Sunday, February 16, 2014

As the 2014 Winter Olympics continue ...

  • The Federal Reserve reported that U.S. industrial production dropped 0.3 % in January, with a 0.8% drop in manufacturing output as “severe weather curtailed production in some regions of the country”. 
  • RealtyTrac, a firm that compiles housing data, reported that  foreclosure filings unexpectedly increased 8% in January from December and Daren Blomquist, vice president at RealtyTrac said “the monthly increase in January foreclosure activity was somewhat expected after a holiday lull, but the sharp annual increases in some states shows that many states are not completely out of the woods when it comes to cleaning up the wreckage of the housing bust.”
  • The Thomson Reuters/University of Michigan preliminary index of U.S. consumer confidence remained strong at 81.2.
  • Federal Reserve Chief Janet Yellen’s comments to the U.S Congress included: On employment – while unemployment rate has fallen “the recovery in the labor market is far from complete….Those out of a job for more than six months continue to make up an unusually large fraction of the unemployed, and the number of people who are working part time but would prefer a full-time job remains very high.” On market volatility – “We have been watching closely the recent volatility in global financial markets. Our sense is that at this stage these developments do not pose a substantial risk to the U.S. economic outlook.”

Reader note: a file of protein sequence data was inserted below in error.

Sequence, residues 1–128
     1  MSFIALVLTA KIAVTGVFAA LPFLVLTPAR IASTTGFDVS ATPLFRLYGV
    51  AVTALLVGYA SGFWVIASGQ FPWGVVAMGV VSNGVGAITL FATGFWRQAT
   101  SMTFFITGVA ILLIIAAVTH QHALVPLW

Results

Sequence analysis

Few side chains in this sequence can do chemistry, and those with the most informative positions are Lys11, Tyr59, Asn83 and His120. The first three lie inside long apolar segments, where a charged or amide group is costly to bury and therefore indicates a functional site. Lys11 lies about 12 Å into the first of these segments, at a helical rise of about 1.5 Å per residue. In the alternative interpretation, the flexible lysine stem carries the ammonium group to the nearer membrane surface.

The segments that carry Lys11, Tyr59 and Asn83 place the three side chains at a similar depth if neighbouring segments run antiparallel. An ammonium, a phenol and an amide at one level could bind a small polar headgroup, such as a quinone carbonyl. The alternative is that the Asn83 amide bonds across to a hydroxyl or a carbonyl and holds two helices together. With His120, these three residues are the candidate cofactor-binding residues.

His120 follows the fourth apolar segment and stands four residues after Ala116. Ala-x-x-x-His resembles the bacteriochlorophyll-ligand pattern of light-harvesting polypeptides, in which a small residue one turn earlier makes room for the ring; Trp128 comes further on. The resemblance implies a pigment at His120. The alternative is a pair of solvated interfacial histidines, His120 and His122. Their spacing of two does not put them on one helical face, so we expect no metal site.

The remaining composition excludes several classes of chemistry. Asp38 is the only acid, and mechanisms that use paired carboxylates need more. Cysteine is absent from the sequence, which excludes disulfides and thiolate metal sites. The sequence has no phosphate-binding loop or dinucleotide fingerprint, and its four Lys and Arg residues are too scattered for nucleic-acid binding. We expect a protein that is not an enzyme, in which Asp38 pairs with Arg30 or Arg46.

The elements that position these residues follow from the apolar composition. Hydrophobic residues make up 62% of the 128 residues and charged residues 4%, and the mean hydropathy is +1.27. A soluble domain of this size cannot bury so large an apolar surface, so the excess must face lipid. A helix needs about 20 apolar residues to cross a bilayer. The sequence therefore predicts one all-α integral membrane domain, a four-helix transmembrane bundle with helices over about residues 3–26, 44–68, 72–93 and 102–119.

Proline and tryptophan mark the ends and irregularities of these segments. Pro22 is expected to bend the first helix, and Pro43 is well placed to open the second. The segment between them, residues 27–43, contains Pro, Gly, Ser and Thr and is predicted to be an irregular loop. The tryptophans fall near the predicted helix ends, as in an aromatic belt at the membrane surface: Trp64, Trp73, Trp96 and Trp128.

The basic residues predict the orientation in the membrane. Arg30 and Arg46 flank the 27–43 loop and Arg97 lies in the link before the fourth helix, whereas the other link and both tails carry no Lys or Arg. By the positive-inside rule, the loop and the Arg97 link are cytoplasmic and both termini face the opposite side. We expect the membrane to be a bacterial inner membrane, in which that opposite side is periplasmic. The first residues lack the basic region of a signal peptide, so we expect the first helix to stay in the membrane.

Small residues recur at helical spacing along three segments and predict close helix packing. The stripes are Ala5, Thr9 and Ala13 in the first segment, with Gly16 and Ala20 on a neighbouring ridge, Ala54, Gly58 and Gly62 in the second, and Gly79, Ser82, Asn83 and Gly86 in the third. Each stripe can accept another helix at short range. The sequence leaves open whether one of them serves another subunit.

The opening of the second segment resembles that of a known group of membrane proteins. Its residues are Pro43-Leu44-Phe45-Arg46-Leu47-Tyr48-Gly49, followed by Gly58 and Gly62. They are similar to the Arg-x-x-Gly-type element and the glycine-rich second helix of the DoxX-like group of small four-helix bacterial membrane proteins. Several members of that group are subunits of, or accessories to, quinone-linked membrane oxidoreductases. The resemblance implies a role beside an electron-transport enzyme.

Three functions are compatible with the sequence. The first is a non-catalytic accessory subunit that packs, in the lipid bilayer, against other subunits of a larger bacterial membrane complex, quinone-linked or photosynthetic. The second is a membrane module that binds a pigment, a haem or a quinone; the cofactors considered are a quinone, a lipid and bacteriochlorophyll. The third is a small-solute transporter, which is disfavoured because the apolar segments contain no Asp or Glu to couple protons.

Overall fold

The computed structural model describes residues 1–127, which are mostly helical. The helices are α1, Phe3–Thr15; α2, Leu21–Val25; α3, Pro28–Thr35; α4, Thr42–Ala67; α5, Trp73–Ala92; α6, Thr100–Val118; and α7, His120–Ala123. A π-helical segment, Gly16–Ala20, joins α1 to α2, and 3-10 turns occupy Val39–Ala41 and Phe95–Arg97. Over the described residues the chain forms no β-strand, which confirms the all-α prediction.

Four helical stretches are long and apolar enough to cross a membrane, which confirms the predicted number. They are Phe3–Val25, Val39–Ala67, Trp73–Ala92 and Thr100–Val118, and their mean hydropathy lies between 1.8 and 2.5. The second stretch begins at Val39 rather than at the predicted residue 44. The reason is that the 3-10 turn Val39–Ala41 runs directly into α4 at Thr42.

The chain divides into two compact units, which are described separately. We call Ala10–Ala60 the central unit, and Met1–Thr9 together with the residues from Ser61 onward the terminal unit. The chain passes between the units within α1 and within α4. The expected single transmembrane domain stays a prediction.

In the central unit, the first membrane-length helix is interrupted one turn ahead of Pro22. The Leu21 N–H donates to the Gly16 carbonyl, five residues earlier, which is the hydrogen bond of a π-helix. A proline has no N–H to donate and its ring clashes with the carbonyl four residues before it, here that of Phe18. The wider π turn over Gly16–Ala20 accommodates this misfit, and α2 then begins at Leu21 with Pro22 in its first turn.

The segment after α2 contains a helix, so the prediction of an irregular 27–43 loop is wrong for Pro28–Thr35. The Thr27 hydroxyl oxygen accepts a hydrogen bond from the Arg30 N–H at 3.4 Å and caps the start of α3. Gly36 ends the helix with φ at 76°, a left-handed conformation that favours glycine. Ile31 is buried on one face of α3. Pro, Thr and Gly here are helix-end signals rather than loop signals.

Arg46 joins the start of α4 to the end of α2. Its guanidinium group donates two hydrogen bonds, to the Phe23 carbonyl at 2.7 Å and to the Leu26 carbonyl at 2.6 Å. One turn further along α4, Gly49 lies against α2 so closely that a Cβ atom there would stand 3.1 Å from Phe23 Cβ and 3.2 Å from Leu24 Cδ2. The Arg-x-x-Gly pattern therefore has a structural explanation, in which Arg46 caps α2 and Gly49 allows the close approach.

• In the Eurozone, the economy grew 0.3% during the fourth quarter of 2013, up from 0.1% during the third quarter.

MY TAKE
  • Regarding severe weather - January is often a slow month for businesses, as consumers focus on paying off holiday credit card debt. As residents in snow effected regions chant “die, winter, die”, snow removal businesses are experiencing strong demand for their services.
  • Regarding foreclosures – hopefully the surprising increase is not the start of a trend.  Regarding Yellens’ testimony - as she takes the reigns of the Federal Reserve, her approach and comments seem to be an extension of the Bernanke era.
  • Regarding the Eurozone – this data suggests that the region many be moving beyond its recession stage.
  • Bottom line – recent economic data is mixed but not ugly.  However, the decline in U.S. industrial production combined with an increase in foreclosures may suggest that winter storms is not the only thing affecting the U.S. economy.

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